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Nikkei Experiments: Opposites Attract

Anna Azarova
16 December 2017

You may wonder what Japan and Peru, separated by vast stretches of open ocean, have in common. The answer comes as a surprise. It is cuisine known as Nikkei, which is making its mark on the world.
Nikkei is a term referring to Japanese people living outside of the country and is extended to include a fusion of traditional Japanese fish/seafood recipes and key Peruvian ingredients – potatoes and corn. Far from a vulgar mash up, an unexpected but refined pairing blends Japan’s freshness with Peru’s spicy flavours to remarkable effect.

The Code of Ronin
It is my first such culinary experience, and together with TUCC (The Ukrainian Connoisseur Club) we are to explore the innovative cuisine offered by Ronin, Ukraine’s first establishment serving Peruvian-Japanese delicacies. It occupies the impressive building of Tokyo, a former legendary Japanese restaurant, located near the Kyiv Zoo. The two-storey property boasts several halls and four summer terraces capable of accommodating up to 450 guests.

A minimalist interior with clear lines keeps the design simple, modern, and practical. Nothing pompous, nothing pretentious. The light colours and openness create a greater sense of space. High ceilings, long wooden tables, and sofas made of leather make one feel immediately comfortable.
The restaurant has six aquariums with live oysters and lobsters, a fish display freezer, a dry-aged beef chamber, open kitchen, contact bar, and teppan grills offering a visual and gastronomic treat. The overall impression is enhanced by minor yet crucial features: decorative vases, green plants, big bright paintings on the walls, and rainbow coloured plates.

 Japanese-Peruvian or Peruvian-Japanese?
Yellowfin Tuna Tiradito starts the party off.  It is a dish of raw fish, thinly sliced (similar to carpaccio), delicately seasoned and artfully decorated with ponzu jelly, truffle salsa, and microgreen. The tuna has a perfect texture and neutral flavour, emphasised with a soft bitterness of the leche de tigre sauce. It is ideally complemented by Chivite Las Fincas Rosado – a rosé wine with a nice yellowish pink hue produced by the oldest winery in Navarra, Spain.
Nikkei Causas with Scallops is next on the list.  The waiter brings in an artistic palette of mashed pink sweet potatoes and Peruvian-style fried vegetables – blue cabbage, cherry tomatoes, kumquat, baby corn, pea buds, and wok-fried spinach. It is crowned with seared scallops dressed with teriyaki sauce. I take a sip of the Yarden Katzrin Chardonnay, which is an impeccable match for the dish. The primary label of Israeli’s Golan Heights Winery, Yarden is softly sweet but not aggressive, and tastes rich, with notes of ripe yellow fruits, corn, caramel and vanilla.

I still have an appetite for more and Filet Mignon arrives at the table just in time. It is a robata grill rump steak cooked to a medium-rare and set on creamy potato puree, with colourful vegetables and yuzu truffle sauce. Succulent, tender, and juicy – just as it should be – the meat melts in the mouth and calls for a glass of good old red wine, like Errazuriz Max Reserva Carmenere (Chile). The well-bodied ‘nectar’ has a bouquet with tones of black berries, spices, and oak vanilla.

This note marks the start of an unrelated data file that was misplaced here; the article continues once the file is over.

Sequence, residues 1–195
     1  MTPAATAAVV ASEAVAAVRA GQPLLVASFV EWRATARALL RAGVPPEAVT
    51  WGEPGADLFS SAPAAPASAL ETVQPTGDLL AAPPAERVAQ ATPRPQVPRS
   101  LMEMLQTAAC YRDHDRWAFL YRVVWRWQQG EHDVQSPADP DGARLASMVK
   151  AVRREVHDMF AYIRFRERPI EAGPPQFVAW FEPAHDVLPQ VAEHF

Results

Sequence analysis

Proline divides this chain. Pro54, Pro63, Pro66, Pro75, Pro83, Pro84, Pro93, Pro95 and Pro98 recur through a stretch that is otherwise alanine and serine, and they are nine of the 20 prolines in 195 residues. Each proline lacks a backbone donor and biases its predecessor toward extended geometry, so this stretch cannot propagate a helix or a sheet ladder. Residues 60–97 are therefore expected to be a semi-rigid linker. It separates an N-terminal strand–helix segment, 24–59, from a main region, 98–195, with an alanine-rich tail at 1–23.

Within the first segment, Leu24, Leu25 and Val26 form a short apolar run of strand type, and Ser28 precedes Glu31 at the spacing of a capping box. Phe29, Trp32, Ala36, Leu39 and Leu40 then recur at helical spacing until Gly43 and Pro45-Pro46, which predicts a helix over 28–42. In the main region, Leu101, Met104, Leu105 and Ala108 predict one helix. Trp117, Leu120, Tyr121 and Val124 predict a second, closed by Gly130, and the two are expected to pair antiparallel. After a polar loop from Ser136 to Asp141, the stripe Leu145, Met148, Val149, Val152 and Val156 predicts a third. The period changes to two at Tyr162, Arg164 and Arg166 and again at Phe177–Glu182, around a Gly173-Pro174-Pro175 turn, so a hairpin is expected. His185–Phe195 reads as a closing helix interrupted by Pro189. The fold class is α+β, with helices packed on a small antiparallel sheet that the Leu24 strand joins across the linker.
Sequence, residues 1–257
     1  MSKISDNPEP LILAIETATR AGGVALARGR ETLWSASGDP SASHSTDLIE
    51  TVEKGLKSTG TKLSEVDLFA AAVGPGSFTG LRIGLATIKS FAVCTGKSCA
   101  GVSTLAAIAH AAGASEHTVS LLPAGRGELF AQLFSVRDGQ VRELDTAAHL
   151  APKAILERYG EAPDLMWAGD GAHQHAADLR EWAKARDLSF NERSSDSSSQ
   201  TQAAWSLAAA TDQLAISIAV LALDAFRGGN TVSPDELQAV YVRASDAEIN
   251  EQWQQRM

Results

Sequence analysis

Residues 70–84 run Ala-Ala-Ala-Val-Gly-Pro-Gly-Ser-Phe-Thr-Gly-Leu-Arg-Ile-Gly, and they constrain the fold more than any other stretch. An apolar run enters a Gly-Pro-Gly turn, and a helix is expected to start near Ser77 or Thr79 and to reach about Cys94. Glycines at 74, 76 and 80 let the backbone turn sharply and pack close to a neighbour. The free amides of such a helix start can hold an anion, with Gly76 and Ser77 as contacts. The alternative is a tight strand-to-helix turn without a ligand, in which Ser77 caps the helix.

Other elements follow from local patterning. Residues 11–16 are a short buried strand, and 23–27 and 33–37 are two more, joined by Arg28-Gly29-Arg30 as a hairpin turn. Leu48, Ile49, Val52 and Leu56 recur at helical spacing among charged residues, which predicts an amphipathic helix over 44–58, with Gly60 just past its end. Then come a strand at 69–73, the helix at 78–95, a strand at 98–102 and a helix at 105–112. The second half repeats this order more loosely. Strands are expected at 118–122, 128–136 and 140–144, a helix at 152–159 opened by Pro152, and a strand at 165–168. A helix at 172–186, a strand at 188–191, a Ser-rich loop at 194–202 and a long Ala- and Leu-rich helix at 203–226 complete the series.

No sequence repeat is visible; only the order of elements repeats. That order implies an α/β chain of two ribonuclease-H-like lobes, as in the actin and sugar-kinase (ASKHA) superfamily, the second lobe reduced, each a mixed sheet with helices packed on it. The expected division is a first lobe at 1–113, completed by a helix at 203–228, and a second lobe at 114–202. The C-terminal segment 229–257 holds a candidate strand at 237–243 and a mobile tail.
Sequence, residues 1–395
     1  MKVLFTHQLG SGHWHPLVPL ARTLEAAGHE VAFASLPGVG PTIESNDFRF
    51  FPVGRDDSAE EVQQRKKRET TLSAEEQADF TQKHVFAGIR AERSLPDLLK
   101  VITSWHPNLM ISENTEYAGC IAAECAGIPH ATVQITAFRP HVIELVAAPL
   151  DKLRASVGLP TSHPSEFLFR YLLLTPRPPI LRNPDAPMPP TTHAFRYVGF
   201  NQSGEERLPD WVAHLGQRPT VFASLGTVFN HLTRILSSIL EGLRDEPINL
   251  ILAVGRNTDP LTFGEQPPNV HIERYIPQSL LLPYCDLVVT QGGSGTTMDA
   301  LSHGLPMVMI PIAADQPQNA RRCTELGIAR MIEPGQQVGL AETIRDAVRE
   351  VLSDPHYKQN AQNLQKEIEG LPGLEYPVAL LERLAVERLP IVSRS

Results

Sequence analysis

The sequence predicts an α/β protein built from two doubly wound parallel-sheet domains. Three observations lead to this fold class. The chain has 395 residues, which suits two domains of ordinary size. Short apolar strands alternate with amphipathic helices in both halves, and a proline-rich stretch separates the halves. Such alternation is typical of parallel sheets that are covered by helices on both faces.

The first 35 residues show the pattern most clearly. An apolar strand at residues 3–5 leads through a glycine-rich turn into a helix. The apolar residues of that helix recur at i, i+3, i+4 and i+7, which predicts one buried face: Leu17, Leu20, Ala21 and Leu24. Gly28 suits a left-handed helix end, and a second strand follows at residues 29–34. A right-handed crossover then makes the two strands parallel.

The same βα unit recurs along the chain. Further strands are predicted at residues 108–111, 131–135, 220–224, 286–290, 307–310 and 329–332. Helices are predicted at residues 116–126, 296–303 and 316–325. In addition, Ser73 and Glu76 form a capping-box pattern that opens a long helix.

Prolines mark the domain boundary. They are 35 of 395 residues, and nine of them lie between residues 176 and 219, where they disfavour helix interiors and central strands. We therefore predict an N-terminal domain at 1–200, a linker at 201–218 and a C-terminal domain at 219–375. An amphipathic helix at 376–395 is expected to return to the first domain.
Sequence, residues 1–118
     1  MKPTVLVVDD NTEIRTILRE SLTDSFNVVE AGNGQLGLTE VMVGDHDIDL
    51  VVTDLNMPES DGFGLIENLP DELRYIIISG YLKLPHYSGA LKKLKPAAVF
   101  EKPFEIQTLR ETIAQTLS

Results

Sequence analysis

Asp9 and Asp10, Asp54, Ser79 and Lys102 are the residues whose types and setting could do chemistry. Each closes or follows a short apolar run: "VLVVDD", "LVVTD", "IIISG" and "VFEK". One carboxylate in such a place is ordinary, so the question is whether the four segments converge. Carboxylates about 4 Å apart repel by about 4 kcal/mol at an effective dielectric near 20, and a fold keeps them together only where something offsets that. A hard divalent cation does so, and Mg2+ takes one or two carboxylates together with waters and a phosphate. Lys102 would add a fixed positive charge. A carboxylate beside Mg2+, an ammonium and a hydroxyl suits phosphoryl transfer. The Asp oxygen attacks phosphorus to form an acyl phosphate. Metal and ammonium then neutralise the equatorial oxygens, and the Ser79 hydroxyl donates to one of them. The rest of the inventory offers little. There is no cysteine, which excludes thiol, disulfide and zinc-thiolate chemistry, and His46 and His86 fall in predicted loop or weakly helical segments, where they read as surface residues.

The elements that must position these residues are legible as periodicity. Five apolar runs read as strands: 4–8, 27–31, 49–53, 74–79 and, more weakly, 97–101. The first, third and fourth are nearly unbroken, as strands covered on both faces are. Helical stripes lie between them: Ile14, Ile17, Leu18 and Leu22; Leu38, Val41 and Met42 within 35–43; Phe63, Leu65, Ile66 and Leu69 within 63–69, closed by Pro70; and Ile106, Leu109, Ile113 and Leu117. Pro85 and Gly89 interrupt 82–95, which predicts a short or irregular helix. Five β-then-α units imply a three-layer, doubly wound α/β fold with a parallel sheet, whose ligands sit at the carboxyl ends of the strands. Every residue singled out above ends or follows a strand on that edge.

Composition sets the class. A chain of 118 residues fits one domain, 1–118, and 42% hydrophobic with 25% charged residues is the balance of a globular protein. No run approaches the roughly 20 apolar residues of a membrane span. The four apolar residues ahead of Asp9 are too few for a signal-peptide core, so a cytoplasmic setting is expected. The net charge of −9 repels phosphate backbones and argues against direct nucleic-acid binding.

I do not have a sweet tooth, but can’t resist the temptation of savouring a light classical Japanese dessert – Mochi. This is a delightfully chewy, mellow ball of gluttonous rice dough, which in my case has white chocolate with mango inside. The frozen treat goes along with Shiraume Ginjo Umeshu, a gorgeous liquor with a strong nutty flavour, made by steeping Wakayama plum in the finest Japanese premium rice Saket Ginzio.

Surprisingly, I do not feel full after finishing all four courses, though definitely nourished. My first Nikkei experience has really been worth it and inspires me to investigate Japanese-Peruvian or Peruvian-Japanese masterpieces further.

P.S. When in Ronin, be sure to consult sommelier Yuriy, who will tell you everything about Nikkei cuisine and help select the best drinks to pair your meal.

 

Edible Inventory
Yellowfin tuna tiradito                                                                                                  219 UAH
Nikkei Causas with scallops                                                                                        349 UAH
Filet mignon (250 g)                                                                                                     359 UAH
Mochi                                                                                                                                 69 UAH
Chivite Las Fincas Rosado                                                                (150ml)            150 UAH
Golan Heights Winery Yarden Katzrin Chardonnay 2015         (150ml)           260 UAH
Errazuriz Max Reserva Carmenere 2009                                      (150ml)           220 UAH
Akashi-Tai Shiraume Ginjo Umeshu                                              (50ml)               95 UAH
TOTAL (for one person)                                                                                           1 721 UAH

Ronin
(Zoolohichna 10)
FB RONIN.Kyiv
borisov.com.ua/uk/ronin
+ 38 068 713 1414
11.00 – 23.00
Reservations are a good idea

Make sure you try…
Ceviche
Grilled seafood platter
Ribeye Wagyu steak
Coconut Panna cotta with sesame paste and mango gel

The What’s On Checklist
English Menu                              Yes
English-speaking staff            Yes
Wi-Fi                                              Yes
Price                                               $$$
WO Rating                                   5 Star

 

Photos by Olya Sosiura

 

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